The scramble for the Arctic is on. As Canada prepares to take up the chairmanship of the Arctic Council this year, new state and non-state actors are staking their claims to the region, as melting ice creates new risks and opportunities for development. Will these competing claims result in conflict? This OpenCanada.org In Depth considers the different agendas of the various stakeholders and asks whether clashing interests in the region are inevitable or whether cooler heads will prevail under Canada’s watch.
We’ll be adding content to this page on an ongoing basis, so stay tuned.
When the Ice is Gone
Real Arctic security won’t come from enforcing Canada’s right to extract natural resources from the Arctic argues Wilfrid Greaves.
Why We Aren’t Ready for an Active Arctic
The North is opening up to both economic development and tourism. But Canada and the U.S. lack the capacity to deal with this influx of activity argues Andreas Østhagen.
Neither Conflict nor “Use It or Lose It”
Elizabeth Riddell-Dixon challenges conceptions of the Arctic as a realm of contestation rather than cooperation.
The (Russian) Arctic is Open for Business
Michael Byers on Canada and Russia’s divergent approaches to the Arctic.
Arctic Council Warms Toward Asia
James Manicom and Whitney Lackenbauer on why the decision to grant Asian states access to the Arctic Council is the right one.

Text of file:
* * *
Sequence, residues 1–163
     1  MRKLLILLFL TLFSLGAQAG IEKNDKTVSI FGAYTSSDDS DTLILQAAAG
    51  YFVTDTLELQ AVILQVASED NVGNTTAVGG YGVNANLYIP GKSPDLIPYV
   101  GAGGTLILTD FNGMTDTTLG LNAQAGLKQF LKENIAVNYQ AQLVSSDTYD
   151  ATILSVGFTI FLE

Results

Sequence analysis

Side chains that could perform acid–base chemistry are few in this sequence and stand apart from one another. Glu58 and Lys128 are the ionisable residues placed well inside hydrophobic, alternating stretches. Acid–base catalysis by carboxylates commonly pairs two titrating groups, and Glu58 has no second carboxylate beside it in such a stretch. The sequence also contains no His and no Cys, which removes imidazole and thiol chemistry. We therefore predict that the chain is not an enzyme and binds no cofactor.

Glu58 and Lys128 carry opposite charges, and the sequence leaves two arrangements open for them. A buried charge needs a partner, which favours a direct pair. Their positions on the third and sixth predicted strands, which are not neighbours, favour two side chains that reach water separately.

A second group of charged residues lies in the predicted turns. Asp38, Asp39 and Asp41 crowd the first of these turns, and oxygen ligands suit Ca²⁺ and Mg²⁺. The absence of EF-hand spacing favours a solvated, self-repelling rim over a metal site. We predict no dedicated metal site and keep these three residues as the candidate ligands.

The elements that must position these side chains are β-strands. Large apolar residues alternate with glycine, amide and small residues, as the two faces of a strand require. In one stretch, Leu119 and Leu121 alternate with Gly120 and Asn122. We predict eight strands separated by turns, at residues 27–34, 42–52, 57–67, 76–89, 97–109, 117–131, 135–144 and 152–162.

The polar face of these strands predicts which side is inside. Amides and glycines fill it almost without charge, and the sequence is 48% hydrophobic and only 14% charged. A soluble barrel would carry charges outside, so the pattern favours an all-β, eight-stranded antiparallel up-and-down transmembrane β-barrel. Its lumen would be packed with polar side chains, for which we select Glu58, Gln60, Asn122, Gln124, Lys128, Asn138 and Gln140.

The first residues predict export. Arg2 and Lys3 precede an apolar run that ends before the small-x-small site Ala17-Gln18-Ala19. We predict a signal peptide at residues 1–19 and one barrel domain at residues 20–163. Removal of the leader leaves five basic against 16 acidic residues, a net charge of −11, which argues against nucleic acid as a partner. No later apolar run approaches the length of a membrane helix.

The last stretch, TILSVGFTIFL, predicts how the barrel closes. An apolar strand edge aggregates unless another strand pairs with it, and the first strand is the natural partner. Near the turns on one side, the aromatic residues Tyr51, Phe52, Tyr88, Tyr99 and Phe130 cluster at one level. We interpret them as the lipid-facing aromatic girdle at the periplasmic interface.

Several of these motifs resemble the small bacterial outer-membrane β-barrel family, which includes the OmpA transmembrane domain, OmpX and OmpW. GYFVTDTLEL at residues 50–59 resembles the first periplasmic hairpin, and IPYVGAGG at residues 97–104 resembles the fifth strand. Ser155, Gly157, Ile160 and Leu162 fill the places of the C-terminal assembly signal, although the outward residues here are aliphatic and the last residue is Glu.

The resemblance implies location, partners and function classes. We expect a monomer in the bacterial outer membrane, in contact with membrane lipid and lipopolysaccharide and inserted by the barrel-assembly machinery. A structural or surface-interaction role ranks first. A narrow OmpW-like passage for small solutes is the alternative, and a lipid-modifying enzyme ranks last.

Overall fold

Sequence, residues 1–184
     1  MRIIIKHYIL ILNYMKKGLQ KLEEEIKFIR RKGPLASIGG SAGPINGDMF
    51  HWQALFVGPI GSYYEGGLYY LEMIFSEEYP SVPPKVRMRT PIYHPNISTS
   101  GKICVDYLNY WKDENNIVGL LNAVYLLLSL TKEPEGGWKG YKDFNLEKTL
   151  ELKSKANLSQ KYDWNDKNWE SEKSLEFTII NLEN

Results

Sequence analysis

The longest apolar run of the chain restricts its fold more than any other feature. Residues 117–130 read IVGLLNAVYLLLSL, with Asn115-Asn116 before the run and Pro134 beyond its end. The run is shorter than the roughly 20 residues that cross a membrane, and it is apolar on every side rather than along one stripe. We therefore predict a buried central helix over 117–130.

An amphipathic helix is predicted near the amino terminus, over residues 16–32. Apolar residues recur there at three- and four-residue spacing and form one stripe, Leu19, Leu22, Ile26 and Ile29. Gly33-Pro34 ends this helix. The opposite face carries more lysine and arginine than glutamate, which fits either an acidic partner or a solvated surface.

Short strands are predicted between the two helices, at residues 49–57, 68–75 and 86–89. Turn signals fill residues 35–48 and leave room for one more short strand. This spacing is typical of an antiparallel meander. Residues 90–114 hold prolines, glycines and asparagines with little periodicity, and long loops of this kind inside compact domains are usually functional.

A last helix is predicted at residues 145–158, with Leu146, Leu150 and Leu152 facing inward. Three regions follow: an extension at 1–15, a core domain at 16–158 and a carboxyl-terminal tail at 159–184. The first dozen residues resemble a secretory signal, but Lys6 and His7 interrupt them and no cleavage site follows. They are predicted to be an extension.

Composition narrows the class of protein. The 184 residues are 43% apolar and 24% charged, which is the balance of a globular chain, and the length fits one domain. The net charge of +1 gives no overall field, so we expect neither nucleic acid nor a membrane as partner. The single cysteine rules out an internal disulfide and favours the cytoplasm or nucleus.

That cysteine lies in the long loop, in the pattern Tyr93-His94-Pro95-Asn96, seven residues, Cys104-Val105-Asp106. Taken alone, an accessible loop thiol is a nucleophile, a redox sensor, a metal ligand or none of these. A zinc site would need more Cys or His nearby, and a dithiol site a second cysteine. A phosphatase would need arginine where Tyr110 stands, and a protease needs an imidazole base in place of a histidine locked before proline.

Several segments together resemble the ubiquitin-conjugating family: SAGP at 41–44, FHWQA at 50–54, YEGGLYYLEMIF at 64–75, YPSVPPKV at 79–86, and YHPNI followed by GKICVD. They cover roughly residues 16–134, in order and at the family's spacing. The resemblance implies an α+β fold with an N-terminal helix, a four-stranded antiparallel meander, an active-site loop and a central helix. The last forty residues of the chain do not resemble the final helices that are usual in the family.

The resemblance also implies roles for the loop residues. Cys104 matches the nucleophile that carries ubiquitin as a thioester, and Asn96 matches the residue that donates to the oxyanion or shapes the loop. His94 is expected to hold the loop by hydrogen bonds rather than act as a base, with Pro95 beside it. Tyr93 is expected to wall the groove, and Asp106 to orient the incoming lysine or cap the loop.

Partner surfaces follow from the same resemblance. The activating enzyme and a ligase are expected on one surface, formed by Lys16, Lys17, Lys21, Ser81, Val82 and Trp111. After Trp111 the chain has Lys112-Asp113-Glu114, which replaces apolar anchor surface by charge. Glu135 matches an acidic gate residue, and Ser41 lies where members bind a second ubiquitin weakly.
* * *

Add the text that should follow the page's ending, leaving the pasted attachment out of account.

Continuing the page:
Are We Ready?
Canada’s North is opening up. What does that mean for search and rescue operations there?
The Weight of History in the Arctic
Shelagh Grant on why the history of the Arctic is relevant to today’s debates over the future of Arctic sovereignty.
Should Canada Push Arctic Development?
OpenCanada asked representatives of Arctic peoples and states whether economic development is the right priority for Canada to advance in the North.
The Military Goes North
OpenCanada talked to a DND official about how the Canadian Forces can play an important role in the Arctic.
Showing Leadership in the Arctic
Canada will have two years as chair of the Arctic Council to make its mark on Arctic governance, says Jennifer Welsh.
2013: A Decisive Year for Canada’s Arctic Ambitions
Rob Huebert on why this is a make-or-break year for Canada as the country tries to extend its influence in the Arctic.
Arctic Boom Times
Could the Arctic Ocean become “an emerging epicenter of industry and trade akin to the Mediterranean”? Scott G. Borgerson makes the case for Foreign Affairs.
China’s Arctic Play
Since gaining its Arctic Council observer status in May, China has been pushing ahead on multiple fronts, funding greater research, setting up more scientific polar institutes, and backing state-owned mining projects of iron-ore fields.
New Arctic, New Coast Guard
Captain Peter Troedsson for CFR on how the U.S. Coast Guard should be utilized in the opening Arctic: “It is vitally important not to confuse maritime constabulary operations with defense or combat operations.”
North to the Arctic
Given the extreme and often dangerous conditions, why are so many companies focused on extracting oil and gas in the Arctic? According to David Burwell for the Huffington Post, government regulation is driving the development of reserves in the far north.
Hagel, Kerry, and Brennan Senate Confirmation Hearings: U.S. Policy on Arctic Security
Luke Coffey, for the Heritage Foundation, on why President Obama cannot ignore the Arctic and the top three U.S. policy priorities in the region.